MF: That’s right; the original idea was to treat artists with the same dignity and respect that other professional disciplines enjoy. It was about providing artists with the resources they needed to focus on their work. PM: We know that artists form the foundation of any cultural community. Can you articulate how we see the role of the Pew Fellowships program within the wider landscape of how artists are supported in making their work—from grants awarded specifically to them, to the varying ways that institutions might support artists, even if indirectly? MF: The opportunities for contemporary artists in the United States to concentrate on the development and creation of art are extremely limited. Artists are not alone, but perhaps "lonelier" than individuals in other fields, such as scientific research or humanistic scholarship, when it comes to the availability of direct support. Small artists' grants, residencies, commissions, etc., are all essential ingredients to a healthy cultural infrastructure, but in addition, it is paramount that artists are also afforded significant long-term support.
Arts institutions are, for the most part, devoted to the presentation and preservation of artworks, rather than the support of contemporary artists. Those institutions that do support the creative process most frequently do so on a short-term or commission basis, which can sometimes restrict experimentation. Many artists are also affected by marketplace pressures that may preclude artistic investigations that are not immediately seen to be commercially viable.=
The assertion that creative ideas need time, concentration, and freedom in order to flourish is not frequently challenged. Nor do many find fault with the assumption that creativity and its results—new products, new visions, new solutions—are critical to the survival and development of culture. Even though it’s generally accepted that one of the most effective ways to advance a particular field or discipline is through the advancement of exceptional individuals within that field, in the United States we have historically been reluctant to embrace the application of these beliefs when manifested in the form of significant and direct financial support for artists.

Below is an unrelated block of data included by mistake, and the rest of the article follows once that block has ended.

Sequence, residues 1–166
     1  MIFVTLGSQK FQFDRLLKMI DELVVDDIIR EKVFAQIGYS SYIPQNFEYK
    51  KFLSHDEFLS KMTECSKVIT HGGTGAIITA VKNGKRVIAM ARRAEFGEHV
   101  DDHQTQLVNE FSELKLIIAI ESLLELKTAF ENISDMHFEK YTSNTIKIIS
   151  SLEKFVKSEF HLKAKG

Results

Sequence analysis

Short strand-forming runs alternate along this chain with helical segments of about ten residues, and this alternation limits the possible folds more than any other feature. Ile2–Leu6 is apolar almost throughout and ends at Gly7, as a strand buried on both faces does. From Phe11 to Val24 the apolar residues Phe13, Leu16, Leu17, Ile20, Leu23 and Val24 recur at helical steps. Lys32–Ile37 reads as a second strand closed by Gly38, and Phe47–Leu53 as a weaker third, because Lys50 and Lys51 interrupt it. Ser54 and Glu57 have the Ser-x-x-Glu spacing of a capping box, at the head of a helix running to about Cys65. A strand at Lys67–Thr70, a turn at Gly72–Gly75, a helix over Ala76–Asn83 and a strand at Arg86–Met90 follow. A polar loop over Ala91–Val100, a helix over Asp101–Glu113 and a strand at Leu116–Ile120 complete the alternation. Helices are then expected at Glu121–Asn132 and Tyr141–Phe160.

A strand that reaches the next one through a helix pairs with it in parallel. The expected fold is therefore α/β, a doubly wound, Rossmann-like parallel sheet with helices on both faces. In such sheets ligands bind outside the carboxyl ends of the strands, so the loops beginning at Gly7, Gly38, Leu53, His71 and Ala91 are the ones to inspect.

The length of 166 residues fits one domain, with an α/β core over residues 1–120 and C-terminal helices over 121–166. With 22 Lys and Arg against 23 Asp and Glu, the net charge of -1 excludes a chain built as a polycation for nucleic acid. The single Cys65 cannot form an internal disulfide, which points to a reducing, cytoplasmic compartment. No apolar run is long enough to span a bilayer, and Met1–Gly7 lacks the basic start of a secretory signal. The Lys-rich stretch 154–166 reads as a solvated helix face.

Our approach allows individual artists to engage in longer-term creative investigations, without the pressure of having to relocate or to produce specific outcomes, or commit to a binding course of action. This is some of the thinking that is behind the Pew Fellowships program and why we are structured the way we are today.
PM: The Fellowships have been adjudicated by an interdisciplinary panel and still continue to be so to this day. We've chosen to use panelists from outside the region, as we also do in the Center's project grant program, and we continue to invite distinguished experts from the various fields to serve as our adjudicators. Why did we initially make that choice, and why do you think it continues to be the appropriate one? MF: It is imperative that our fellowships selection processes are fair, consistent, and objective. All of the applicants are entitled to be considered fairly on an equal footing with the other applicants. Outside panelists mitigate the potential for unfair biases, while contributing the expertise necessary to engage with the selection process in an informed way.
I think the interdisciplinary process certainly continues to have relevance today, especially given that many artists are working in hybrid and interdisciplinary ways. In 2010, when we redesigned the program, we were seeking a non-discipline specific approach as a response to the way artists were working. Our hope was to expand the definition of what a creative practice is and can be, and we were looking to artists to lead us there. In this context, the interdisciplinary panel functions most effectively. It also generates rich conversations and new insights into artists’ work among our varied discipline specialists.
PM: Yes, and those conversations often benefit our work at the Center in larger ways, by keeping us close to what are the priorities and best practices in the fields that we fund. So there’s an indirect benefit to us from the panel process as well.
What were some of the important milestones and changes as the program developed?